ALMOST SEVEN MONTHS on, I’ve failed miserably with one of the New Year’s resolutions I wrote about for HumbleDollar—but I’ve done well with the other.
I’d like to take credit for my success in not obsessively checking my IRA, but the discouraging reality of the financial markets has a lot to do with it. This year, going online to view my account several times a day—which I’ve been known to do—would have left me feeling truly hopeless.
My IRA has dropped some 16% over the past six months, which is especially depressing because this is the money I use for indulgences that aren’t part of my monthly budget—things like going on vacations. Fortunately, I have Social Security and my state pension to fund the rest of my life, though inflation is making that an increasing challenge.
Right now, I don’t want to touch my IRA. Most of my mutual funds and individual stocks are down from where I bought them. Like many others, I was probably a little too optimistic after the strong gains of recent years.
To avoid selling at a loss, I’m going to finance part of a big trip this year with a 0% credit card I just opened. It stays at 0% for 15 months. My hope—or perhaps prayer: My funds will rebound in that time and I can pay off my travel expenses. The best laid plans of mice and men?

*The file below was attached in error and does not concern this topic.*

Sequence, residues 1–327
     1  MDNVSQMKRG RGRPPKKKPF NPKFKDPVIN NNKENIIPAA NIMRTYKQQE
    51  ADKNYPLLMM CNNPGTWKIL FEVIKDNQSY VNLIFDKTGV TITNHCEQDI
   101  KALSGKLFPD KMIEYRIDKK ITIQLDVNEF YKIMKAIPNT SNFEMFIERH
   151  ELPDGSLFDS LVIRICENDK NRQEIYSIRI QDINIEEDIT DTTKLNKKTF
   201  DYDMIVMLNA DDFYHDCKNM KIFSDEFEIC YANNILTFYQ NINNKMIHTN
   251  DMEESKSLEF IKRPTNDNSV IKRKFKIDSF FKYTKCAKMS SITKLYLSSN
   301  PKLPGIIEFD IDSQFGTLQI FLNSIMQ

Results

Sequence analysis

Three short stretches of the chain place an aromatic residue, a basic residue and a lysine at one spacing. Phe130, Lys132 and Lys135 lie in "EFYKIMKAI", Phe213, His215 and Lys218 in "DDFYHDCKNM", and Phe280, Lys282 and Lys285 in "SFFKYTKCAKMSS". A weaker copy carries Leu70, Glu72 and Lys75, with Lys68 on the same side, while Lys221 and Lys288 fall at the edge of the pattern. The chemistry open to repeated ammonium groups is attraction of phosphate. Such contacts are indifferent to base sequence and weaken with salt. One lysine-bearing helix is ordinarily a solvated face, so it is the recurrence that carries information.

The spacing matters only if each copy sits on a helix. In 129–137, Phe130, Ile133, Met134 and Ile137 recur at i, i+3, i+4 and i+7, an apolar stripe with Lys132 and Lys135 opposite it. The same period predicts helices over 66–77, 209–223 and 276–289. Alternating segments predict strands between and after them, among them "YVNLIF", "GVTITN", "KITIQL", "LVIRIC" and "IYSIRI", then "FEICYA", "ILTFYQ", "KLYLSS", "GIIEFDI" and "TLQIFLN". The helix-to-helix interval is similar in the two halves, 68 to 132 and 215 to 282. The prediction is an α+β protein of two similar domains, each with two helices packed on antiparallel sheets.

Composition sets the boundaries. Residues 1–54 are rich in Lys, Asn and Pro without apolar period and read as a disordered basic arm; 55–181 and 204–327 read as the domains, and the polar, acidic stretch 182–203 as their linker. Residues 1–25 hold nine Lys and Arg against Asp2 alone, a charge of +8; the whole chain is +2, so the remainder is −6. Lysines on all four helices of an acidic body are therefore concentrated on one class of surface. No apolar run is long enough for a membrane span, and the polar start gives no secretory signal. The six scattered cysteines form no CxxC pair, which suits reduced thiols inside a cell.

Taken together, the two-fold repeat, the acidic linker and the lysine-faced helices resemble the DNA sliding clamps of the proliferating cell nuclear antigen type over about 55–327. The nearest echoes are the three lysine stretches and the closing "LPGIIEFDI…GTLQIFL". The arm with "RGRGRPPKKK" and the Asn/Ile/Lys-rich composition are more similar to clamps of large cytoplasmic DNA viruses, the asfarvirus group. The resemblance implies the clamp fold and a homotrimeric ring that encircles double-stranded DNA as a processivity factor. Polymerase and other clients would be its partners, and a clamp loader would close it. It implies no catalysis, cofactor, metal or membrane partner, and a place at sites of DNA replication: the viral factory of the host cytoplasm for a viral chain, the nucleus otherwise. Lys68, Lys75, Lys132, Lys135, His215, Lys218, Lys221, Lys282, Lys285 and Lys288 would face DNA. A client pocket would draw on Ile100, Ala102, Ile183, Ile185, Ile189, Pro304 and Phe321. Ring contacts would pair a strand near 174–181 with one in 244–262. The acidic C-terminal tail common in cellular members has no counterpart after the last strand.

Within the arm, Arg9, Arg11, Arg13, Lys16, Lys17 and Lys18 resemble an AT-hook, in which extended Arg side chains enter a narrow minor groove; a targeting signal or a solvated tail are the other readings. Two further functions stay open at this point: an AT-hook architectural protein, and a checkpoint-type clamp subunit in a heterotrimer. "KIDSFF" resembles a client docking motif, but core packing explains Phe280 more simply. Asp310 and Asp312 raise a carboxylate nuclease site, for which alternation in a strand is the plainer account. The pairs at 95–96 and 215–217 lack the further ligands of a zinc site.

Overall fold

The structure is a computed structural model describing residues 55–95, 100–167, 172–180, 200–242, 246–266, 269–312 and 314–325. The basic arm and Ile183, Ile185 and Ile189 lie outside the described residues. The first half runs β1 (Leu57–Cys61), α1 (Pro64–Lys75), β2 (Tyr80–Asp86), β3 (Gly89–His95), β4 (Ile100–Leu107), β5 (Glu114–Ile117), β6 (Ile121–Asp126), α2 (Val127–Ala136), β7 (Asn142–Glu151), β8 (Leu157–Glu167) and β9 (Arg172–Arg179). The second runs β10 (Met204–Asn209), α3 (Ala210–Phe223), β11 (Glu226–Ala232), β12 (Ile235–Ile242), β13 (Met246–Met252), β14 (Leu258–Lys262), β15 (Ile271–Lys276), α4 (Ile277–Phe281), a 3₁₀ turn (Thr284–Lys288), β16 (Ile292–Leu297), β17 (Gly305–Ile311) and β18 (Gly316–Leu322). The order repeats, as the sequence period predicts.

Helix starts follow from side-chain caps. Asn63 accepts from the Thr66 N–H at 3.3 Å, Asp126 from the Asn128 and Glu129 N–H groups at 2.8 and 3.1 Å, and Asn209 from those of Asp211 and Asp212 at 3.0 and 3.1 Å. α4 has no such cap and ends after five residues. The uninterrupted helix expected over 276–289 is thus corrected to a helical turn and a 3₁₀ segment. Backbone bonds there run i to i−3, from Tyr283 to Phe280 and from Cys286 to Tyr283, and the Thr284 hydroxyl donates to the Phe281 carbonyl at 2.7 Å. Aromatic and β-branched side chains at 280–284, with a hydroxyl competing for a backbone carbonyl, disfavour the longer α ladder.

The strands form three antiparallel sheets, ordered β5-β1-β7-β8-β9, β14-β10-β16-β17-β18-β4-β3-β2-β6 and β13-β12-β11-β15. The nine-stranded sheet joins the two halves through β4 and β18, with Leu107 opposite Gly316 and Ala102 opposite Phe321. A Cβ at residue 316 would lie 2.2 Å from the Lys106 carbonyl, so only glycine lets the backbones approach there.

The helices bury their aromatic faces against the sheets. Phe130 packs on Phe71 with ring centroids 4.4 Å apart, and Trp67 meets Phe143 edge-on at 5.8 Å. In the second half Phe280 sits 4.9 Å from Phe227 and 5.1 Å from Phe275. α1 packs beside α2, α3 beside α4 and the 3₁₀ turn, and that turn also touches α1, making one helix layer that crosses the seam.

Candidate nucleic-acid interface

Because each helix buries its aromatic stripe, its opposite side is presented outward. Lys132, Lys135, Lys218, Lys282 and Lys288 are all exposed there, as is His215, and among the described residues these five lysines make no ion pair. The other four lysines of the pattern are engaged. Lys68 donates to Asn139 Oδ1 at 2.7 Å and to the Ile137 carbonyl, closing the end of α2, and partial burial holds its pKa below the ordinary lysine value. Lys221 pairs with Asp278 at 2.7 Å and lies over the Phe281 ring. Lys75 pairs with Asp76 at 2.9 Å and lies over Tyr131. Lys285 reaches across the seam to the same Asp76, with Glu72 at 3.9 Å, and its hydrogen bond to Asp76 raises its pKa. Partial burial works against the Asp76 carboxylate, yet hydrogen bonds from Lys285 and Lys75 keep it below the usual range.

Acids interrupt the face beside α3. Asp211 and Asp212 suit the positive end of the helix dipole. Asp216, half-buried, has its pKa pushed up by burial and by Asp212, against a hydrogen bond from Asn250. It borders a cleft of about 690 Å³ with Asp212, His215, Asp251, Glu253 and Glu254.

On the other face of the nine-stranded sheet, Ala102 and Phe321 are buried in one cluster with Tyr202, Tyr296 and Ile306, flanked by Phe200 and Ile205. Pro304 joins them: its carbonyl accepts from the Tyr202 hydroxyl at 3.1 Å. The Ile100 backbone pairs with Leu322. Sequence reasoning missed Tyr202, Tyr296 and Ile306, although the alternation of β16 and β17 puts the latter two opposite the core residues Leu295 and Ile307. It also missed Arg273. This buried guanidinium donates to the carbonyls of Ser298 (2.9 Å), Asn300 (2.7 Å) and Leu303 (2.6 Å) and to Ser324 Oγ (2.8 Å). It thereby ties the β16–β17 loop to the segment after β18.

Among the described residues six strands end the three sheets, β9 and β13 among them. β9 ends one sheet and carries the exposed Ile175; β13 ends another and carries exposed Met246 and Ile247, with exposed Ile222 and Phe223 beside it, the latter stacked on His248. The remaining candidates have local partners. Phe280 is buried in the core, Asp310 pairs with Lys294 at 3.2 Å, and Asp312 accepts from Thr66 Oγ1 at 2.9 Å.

During this extraordinarily hot Florida summer, I’m using my dining table as my desk, so I can save money by not cooling my study. That brings me to my other New Year’s resolution: Remove clutter and keep it from coming back. I could embarrass myself by posting a photograph that illustrates my failure. That photograph would show the random piles of paper on my dining table. The study also has mini-piles of miscellaneous items that have no place or purpose.
An inherent problem with my fight against clutter is that I hate throwing items into the garbage, where they might end up in landfills for an eternity. I’ve always been an avid recycler. But what do you do with old floppy disks? Or how about the coffee maker that leaks water from the carafe side but not the Keurig side, which is the side I never use? I guess I could donate the machine, along with a note about its limits.
One bright spot: I’ve finally started using the paper shredder I received as a birthday gift last year. I’m sifting through drawers and folders filled with papers. Unfortunately, that sends me down memory lane, especially as I look at old newspaper clips and notes from readers. I know my kids don’t care. They aren’t their memories.
The other problem: Procrastination in retirement is so easy. I always figure I have tomorrow to tackle the clutter. But in the meantime, the clutter keeps growing.